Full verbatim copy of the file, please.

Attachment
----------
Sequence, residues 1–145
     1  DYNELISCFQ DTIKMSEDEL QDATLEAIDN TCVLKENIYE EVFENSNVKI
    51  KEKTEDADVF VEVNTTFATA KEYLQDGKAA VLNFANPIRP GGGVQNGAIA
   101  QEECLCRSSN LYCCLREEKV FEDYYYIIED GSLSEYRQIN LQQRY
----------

Sequence, residues 1–145
     1  DYNELISCFQ DTIKMSEDEL QDATLEAIDN TCVLKENIYE EVFENSNVKI
    51  KEKTEDADVF VEVNTTFATA KEYLQDGKAA VLNFANPIRP GGGVQNGAIA
   101  QEECLCRSSN LYCCLREEKV FEDYYYIIED GSLSEYRQIN LQQRY